Elizabeth Ann Molloy Wells, M.D., MHS, has been appointed to the role of Vice President of the Neuroscience and Behavioral Medicine Center at Children’s National Hospital. This new role has been created to further the growth of the Center, broaden and deepen the leadership structure and allow Children’s National to continue to deliver the highest level of care, education, safety and scholarship for our patients and families. “I joined Children’s National 15 years ago as a pediatric neurology resident because I thought it was the best place to train and develop in academic neurology, and I am so honored to serve as the Neuroscience Center Vice-President” said Dr. Wells.
Dr. Wells is a graduate of Harvard University and the George Washington University School of Medicine and Health Sciences. She holds a master’s in Health Science from the NIH-Duke Clinical Research Training Program. Dr. Wells completed her pediatrics and neurology training at Children’s National and has been on staff as a pediatric neurologist within the Brain Tumor Institute and the Division of Neurology for the past 10 years. In addition to caring for children with neurologic effects from cancer, Dr. Wells developed the multidisciplinary program in pediatric neuro-immunology. She serves on numerous national committees and receives national and international referrals for children with neuro-inflammatory disorders. She is a principal investigator for translational research studies and serves in a leadership role for the Clinical and Translational Science Institute and the District of Columbia Intellectual and Developmental Disabilities Research Center. Dr. Wells has been director of Inpatient Neurology and the Neuroscience Medical Unit since 2015 and was elected president of the medical staff in July 2020.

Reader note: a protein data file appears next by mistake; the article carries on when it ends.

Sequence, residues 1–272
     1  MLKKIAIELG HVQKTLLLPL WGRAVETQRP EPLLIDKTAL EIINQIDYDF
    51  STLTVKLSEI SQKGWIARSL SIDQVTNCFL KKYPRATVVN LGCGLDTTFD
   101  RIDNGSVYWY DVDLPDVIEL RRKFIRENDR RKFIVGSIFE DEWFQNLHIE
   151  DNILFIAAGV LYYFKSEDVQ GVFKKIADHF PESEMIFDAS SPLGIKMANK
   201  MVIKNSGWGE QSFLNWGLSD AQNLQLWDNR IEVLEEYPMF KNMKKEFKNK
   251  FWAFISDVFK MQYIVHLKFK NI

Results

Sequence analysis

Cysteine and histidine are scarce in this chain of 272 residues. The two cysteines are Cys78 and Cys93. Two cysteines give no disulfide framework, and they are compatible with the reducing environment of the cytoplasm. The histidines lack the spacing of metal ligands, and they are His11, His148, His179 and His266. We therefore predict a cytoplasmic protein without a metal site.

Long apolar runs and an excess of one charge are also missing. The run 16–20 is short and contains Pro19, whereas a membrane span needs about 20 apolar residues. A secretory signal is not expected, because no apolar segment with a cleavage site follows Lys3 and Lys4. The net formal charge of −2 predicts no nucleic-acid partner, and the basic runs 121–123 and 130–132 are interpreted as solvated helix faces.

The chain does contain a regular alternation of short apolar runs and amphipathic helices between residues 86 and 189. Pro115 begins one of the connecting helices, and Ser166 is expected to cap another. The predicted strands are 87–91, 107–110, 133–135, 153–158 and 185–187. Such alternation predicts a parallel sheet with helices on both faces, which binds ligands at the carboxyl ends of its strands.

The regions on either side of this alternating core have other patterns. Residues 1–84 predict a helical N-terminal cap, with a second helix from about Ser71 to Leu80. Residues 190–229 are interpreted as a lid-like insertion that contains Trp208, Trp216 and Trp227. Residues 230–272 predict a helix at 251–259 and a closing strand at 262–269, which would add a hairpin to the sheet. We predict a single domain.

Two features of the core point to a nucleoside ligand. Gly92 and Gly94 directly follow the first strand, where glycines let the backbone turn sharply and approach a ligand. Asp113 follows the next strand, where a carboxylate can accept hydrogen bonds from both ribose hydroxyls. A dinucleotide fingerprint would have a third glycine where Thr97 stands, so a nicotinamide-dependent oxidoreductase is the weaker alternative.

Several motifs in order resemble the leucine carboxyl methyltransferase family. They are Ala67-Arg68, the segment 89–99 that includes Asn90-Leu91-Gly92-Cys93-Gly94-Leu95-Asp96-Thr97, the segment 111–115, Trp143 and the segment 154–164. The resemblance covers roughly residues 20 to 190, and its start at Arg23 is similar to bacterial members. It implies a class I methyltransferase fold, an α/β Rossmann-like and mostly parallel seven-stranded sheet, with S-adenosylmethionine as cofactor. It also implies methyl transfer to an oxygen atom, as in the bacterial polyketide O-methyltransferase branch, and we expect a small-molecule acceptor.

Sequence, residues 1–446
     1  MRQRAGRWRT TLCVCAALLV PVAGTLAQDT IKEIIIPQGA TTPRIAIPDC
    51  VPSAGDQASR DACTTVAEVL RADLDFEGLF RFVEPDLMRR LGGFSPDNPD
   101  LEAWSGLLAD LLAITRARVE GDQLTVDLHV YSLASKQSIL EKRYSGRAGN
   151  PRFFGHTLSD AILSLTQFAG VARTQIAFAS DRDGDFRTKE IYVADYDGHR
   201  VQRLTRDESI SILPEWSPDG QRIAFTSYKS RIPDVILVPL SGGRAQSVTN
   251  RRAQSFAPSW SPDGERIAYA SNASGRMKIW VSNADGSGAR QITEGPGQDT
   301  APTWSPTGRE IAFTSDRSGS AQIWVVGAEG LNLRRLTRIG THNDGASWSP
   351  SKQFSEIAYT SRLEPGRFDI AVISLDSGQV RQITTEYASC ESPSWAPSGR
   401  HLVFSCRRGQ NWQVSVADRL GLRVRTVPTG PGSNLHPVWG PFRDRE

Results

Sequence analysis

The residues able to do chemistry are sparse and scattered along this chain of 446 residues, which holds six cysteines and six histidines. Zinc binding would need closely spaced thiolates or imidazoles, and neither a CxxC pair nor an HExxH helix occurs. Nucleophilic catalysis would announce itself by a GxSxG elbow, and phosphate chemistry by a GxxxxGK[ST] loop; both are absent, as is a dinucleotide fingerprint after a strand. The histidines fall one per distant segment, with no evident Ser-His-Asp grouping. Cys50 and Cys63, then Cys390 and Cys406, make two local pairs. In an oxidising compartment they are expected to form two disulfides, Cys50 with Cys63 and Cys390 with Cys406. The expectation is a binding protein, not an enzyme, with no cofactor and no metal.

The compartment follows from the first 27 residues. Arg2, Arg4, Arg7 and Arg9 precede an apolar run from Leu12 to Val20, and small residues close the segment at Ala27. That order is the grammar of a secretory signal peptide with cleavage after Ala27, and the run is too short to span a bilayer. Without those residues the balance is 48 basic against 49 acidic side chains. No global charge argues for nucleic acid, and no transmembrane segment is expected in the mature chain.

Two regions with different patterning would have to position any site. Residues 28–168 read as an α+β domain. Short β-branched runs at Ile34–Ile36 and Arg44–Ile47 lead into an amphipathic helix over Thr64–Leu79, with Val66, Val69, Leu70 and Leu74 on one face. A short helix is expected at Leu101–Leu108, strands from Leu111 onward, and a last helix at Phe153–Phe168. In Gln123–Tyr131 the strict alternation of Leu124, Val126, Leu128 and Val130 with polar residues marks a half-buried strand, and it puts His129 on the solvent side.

During her time at Children’s National, Dr. Wells has become known for her communication skills, team building and tireless commitment to excellence. She will expand the Neuroscience Center’s work on quality and safety, medical informatics, diversity and inclusion and patient experience. “I am especially excited to promote growth and visibility for developing and expanding Neuroscience programs. Doing so will enable us to serve more kids and spread knowledge and expertise for children affected by brain disorders and injuries. I also look forward to fostering our culture of teamwork” said Dr. Wells. “There is a sense of urgency in the Neuroscience and Behavioral Medicine Center to rapidly translate discoveries into answers for children and families, better treatments and tools to support strong and healthy lives.”